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Dr. Atl, the man who loved volcanoes

Self-portrait of Gerardo Murilo, aka Dr. Atl – File image/EL UNIVERSAL
03/10/2017
16:00
Newsroom
Mexico City
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October 3rd is the birth anniversary of Mexican painter, writer, activist, and philosopher, Gerardo Murillo Cornado, better known as “Dr. Atl”.

This cultural leader had a marked influence in the political identity and culture of Mexico in times of revolution and rebirth, and to prove he was proud of his roots, he chose the name “Atl”, which means water in Náhuatl.

It was the Argentinian writer Leopoldo Lugones who suggested he added the “Dr.” to his pseudonym, according to an article by the University of Guadalajara – considering Mr. Murillo was indeed a Ph.D. in Philosophy.

In 1903, he began to teach at the San Carlos Academy, and some of his students were Diego Rivera, David Alfaro Siqueiros, and José Clemente Orozco.

Yet, his greatest love were Mexican volcanoes. He found inspiration in nature, particularly in the Popocatépetl and Iztaccíhuatl volcanoes, and spent several years studying and observing the outskirts of the mountains, painting the landscapes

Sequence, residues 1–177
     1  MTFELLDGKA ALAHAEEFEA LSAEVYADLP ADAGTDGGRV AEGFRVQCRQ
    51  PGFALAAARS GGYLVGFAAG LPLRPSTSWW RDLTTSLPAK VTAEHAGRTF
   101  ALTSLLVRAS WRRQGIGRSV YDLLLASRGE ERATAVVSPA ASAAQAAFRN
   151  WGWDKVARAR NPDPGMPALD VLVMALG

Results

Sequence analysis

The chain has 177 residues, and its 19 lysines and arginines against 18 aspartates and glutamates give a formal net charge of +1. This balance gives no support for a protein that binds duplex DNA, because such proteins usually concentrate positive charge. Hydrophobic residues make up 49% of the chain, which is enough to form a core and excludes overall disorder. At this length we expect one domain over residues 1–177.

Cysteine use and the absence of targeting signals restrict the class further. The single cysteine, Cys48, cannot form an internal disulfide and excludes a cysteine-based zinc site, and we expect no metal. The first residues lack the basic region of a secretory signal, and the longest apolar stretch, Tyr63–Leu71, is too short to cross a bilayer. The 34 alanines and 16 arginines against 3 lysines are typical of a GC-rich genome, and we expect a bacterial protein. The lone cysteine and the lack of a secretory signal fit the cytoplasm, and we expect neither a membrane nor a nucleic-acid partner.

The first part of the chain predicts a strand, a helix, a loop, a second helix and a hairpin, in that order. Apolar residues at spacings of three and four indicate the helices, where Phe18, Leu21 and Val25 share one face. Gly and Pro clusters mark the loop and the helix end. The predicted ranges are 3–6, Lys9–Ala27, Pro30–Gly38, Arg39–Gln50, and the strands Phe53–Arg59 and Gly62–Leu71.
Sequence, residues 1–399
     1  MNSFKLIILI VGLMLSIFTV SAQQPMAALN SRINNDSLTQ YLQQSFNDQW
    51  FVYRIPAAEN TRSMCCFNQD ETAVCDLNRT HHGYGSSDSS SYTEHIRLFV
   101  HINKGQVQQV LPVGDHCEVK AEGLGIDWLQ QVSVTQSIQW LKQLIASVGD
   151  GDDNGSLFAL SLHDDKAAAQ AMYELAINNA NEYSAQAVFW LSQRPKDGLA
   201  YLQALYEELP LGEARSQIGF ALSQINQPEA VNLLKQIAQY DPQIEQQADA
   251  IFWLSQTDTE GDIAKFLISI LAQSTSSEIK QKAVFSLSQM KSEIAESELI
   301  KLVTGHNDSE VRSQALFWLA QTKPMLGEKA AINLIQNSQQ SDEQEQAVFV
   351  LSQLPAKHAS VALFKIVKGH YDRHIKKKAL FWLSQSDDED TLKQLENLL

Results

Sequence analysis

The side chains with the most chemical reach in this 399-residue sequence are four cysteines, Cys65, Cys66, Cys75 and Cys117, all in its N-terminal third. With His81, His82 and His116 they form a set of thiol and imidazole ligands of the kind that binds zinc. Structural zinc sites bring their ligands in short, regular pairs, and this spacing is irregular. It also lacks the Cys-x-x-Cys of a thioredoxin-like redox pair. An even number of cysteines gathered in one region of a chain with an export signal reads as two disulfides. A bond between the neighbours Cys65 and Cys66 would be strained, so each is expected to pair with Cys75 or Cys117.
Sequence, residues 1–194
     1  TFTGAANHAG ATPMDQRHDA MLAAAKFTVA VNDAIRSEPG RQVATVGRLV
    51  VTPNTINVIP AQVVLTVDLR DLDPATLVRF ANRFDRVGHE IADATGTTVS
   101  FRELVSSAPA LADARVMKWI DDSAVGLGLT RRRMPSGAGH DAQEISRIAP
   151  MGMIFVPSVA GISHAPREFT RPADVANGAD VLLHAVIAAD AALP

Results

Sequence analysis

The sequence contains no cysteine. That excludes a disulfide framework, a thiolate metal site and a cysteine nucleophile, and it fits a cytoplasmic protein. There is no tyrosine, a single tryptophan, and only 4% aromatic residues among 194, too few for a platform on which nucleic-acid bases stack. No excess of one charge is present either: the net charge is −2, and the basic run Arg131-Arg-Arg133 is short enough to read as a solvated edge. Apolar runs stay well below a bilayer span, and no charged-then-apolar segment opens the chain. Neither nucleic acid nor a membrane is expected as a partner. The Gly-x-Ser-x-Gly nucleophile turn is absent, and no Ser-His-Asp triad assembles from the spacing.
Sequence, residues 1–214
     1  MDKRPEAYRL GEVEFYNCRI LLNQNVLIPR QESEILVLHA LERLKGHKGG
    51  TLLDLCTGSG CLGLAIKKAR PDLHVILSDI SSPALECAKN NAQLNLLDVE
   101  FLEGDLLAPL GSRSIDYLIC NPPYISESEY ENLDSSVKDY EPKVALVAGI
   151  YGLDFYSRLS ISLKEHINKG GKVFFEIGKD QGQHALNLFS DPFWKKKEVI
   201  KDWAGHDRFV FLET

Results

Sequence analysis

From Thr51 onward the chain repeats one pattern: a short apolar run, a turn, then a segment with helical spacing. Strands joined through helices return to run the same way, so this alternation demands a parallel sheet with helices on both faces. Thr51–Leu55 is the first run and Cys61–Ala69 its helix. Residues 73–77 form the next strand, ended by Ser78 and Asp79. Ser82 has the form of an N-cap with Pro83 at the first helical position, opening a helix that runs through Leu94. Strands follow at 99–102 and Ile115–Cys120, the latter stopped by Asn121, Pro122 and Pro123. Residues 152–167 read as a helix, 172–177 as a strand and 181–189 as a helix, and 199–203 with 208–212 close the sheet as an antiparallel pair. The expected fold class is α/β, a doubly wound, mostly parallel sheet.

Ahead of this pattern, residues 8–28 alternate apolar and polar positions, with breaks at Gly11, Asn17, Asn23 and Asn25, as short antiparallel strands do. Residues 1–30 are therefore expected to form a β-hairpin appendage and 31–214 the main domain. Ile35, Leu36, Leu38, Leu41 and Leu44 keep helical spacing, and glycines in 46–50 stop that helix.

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In 1926 he studied vulcanology and he was fascinated by the Paricutín volcano –  which he got the opportunity to draw chronological as it formed in a cornfield in the state of Michoacán. He wrote the book Cómo nace y crece un volcán (The Birth and Growth of a Volcano) based upon his observations and reports.

Today Google pays tribute to Dr. Atl, featuring him in their doodle.

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Although he lost a leg during his excursions, Dr. Atl continued traveling and painting, and with the help of a helicopter, he painted aerial takes of landscapes.

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